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Eastern All Stars A Multinational Bunch

When Eric Staal looks down the bench at his Eastern Conference teammates Jan. 25 in Montreal, he'll see perhaps the most diverse team ever assembled. Last year's Eastern All-Stars represented seven nations. This year's betters that by one. Let's take a look at the squad.

As expected, Canada leads the list with seven. Carey Price and Sidney Crosby will both start, while Jeff Carter, Dany Heatley, Vincent Lecavalier and Marc Savard will join Staal as reserves. Russia is second with five (Andrei Markov, Alexei Kovalev and Evgeni Malkin are starters; Ilya Kovalchuk and Alexander Ovechkin will serve as reserves). The United States boasts three, led by starter Mike Komisarek with reserves Tim Thomas and Zach Parise also headed to Montreal.

No surprises yet. But five other countries are represented on the team:

  • Thomas Vanek, one of three Austrians to play in the NHL this season, is the Sabres' All-Star.

  • Boston defenseman Zdeno Chara represents Slovakia, which has had 17 players in the league this year.

  • Tomas Kaberle is going for Toronto, the lone Czech on the Eastern team.

  • Swedish netminder Henrik Lundqvist is the Rangers entry.

  • New Islander Mark Streit is one of five Swiss players in the league and the only to make either team. Of the five in the NHL, three are backup goalies and the other, Yannick Weber, has played in just one game.

The Western team, on the other hand, is heavy on Canadians. Five of the six starters are from north of the border, and 13 of the team's 21 players represent Canada. Five countries are represented in all, including one that the East cannot claim: Minnesota goalie Niklas Backstrom is a native of Finland.

We'd have to go back to the old North America vs. The World All-Star set up to see a team as diverse, and many of the players on those squads only made the game because of the format.

So just a week after the dominance of the major hockey nations at the World Junior Championships led to questions of whether or not too many countries receive a bid to the tournament, the NHL is showing there is plenty of talent throughout the world worth showing off.

What can we expect down the road? How about Slovenian power forward Anze Kopitar? Belarussian brothers Andrei and Sergei Kostitsyn? Ukranian sniper Nikolai Zherdev was probably deserving this year, and Carolina has an on-the-rise player from the nation as well: Anton Babchuk. Germany has six NHLers, including emerging blueliner Dennis Seidenberg. Denmark's Mikkel Boedker and Jannik Hansen are having strong rookie seasons. Frenchman Cristobal Huet showed he was a world-class goalie last season, and Kazakhstan goalie Evgeni Nabakov was a Vezina finalist — and deserved to be the winner. Does veteran Dainius Zubrus of Lithuania have an All-Star game in his future? Hockey-mad Latvia has had five different players in the NHL this year. Columbus' Ole-Kristian Tollefsen won't likely make any All-Star games, but Norway has had All-Stars in the past. Poland has just one NHLer, but Colorado's Wojtek Wolski is a good one.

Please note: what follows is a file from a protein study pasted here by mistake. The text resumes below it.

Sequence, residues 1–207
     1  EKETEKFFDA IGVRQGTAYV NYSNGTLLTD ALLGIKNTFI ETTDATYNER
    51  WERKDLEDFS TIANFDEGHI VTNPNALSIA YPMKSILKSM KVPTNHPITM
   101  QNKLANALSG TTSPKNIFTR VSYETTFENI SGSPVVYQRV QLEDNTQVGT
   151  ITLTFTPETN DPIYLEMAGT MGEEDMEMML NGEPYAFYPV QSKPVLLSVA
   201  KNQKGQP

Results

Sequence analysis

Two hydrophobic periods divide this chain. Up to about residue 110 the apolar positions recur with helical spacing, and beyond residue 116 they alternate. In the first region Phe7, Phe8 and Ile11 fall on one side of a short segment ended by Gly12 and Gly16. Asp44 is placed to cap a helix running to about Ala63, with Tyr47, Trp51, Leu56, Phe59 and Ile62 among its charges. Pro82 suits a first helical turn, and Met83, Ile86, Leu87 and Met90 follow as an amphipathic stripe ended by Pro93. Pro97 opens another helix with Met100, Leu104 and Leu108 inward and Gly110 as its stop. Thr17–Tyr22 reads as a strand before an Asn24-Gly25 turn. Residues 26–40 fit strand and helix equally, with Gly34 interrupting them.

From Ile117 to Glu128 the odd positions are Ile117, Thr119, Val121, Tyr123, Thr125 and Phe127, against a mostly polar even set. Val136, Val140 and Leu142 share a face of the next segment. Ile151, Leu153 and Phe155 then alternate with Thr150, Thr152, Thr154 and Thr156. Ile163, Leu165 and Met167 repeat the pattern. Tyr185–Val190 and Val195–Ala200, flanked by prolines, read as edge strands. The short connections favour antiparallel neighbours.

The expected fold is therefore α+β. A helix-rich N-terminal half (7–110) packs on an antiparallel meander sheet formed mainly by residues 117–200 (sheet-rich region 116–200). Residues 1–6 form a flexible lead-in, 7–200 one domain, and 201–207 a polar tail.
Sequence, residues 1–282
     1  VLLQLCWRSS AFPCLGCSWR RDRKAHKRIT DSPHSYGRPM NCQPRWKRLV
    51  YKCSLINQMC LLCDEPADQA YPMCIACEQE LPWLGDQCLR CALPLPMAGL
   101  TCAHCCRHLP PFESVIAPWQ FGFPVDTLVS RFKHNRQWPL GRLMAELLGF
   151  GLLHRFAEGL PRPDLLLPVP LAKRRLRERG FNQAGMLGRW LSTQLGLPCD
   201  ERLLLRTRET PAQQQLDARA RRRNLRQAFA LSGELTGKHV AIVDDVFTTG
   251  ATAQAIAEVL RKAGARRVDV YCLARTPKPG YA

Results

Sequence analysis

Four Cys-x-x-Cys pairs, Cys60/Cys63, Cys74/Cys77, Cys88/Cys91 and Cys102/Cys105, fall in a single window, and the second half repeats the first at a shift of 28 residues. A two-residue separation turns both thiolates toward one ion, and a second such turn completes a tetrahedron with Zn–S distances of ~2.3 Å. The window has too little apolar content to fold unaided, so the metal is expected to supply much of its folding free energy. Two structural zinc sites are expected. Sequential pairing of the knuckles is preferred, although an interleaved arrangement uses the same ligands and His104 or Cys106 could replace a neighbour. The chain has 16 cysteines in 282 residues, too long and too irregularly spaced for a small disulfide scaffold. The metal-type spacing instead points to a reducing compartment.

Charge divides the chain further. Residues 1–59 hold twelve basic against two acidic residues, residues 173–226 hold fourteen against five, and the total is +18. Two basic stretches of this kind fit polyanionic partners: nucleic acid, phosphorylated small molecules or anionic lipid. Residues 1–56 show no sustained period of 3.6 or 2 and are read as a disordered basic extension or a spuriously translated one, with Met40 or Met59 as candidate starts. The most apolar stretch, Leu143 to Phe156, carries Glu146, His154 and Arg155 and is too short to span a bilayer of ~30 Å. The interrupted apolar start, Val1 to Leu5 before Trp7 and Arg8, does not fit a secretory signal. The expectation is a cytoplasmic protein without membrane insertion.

As you can see, there's plenty of skill to go around, and a lot of it from a lot of different places will be on display two weekends from now. No league has this many athletes from numerous different countries and cultures so crucial to its success. And while the NHL has been criticized for having few black athletes, future NHLers like Montreal prospect P.K. Subban will further open doors that need to be kicked open.

All around the league teams are becoming more varied, including Carolina. The Hurricanes currently have players from eight countries on their active roster, and, with Tim Gleason out of the lineup, played defensemen from six different nations Saturday vs. Boston. A perfect illustration of of the game's diversity can be found in 2006 Carolina draft pick Justin Krueger, the son of Swiss national coach and Canadian-born Ralph Krueger. The younger Krueger grew up in Switzerland, played there for Germany's national team programs, spent a season with Penticton of the British Columbia Hockey League, and now plays NCAA hockey at Cornell University in Ithaca, N.Y.

So when you flip on the festivities in a couple weeks, don't just think of the jersey each player wears from October through June, remember the different flags, people and nations they proudly represent. Because the best of the best come to North America to play hockey — and there are more on the way.

In other news:

John Grahame, whose contract was terminated by Avangard Omsk, is fighting the team's claim that he suffers from "common alcoholism" and they had just cause to release from his deal. He will be in Moscow Wednesday to appeal the team's decision to release him and void his contract following an incident at an Omsk club.

Thanks to reader puckheadjones for the head-up on the news.